One look at a map will show you an important difference between Kauai and the more populous islands of Hawaii: Due to the massive Waimea Canyon and Na Pali Coast, no roads circle the island. Once you've made the drive along the south shore to Waimea and seen the canyon, all you can do is turn around and go back the way you came. Same story for Princeville and Na Pali on the north shore. However, if you're truly pressed for time, the island is compact enough that both ends of the road can be seen in the same day.
The major regions of Kaua`i can be defined by their location on the island relative to the prevailing trade winds. The north and east sides of the island are on the "windward" side of the island, where the winds blow onto the shore. These parts of the island tend to get the most rain, and as a result, are the greenest and most tropical parts of the island. The south and west sides of the island are on the "leeward" side of the island, which is tends to be sunnier and drier, since most clouds have already dropped their rain on the windward side of the island.
However, all parts of the island have points of interest for all visitors. Both the rainy and dry sides of the island have fine resorts and beautiful beaches.
The word "city" might be an exaggeration for an island of about 50,000 people, but here's some information on the towns of Kaua`i.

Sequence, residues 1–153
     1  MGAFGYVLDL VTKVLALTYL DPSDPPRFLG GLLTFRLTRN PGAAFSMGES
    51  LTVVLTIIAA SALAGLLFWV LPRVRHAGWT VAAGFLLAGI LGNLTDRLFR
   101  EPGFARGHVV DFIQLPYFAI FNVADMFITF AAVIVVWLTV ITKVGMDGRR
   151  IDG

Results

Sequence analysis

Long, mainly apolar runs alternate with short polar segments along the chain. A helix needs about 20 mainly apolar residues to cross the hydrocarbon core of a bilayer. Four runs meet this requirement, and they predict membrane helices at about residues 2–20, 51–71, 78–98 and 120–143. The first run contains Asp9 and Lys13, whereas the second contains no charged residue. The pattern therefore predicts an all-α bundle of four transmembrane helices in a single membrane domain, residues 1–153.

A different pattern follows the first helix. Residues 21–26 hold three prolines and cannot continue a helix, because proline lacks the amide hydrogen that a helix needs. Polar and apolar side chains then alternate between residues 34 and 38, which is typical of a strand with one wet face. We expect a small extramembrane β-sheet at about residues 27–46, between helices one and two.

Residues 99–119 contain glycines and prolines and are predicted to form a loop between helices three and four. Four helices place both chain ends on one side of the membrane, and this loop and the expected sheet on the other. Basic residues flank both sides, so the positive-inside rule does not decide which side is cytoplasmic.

Lihu`e, on the island's southeast side, is the civic and commercial center of the island, host to the island's main airport, county offices, and largest shopping mall (Kukui Grove Center). The Kaua`i Museum (http://www.kauaimuseum.org), located in the old part of Lihu`e, is the island's best museum on the history, geography, and people of Kaua`i.
Kapa`a, on the east side, about a 20 minute drive north of Lihu`e, is the second largest population center on the island. It anchors what is known as the Coconut Coast, which hosts many inexpensive to moderately priced resorts and much commercial activity with many strip malls along the highway. The corridor between Lihu`e and Kapa`a is the island's most congested.
Po`ipu, on the south side, is becoming the major visitor destination for the island, with abundant sun and much resort development. Most of the major hotel/resort chains, such as Hyatt, Hilton, and Sheraton, have their main Kauai resorts here.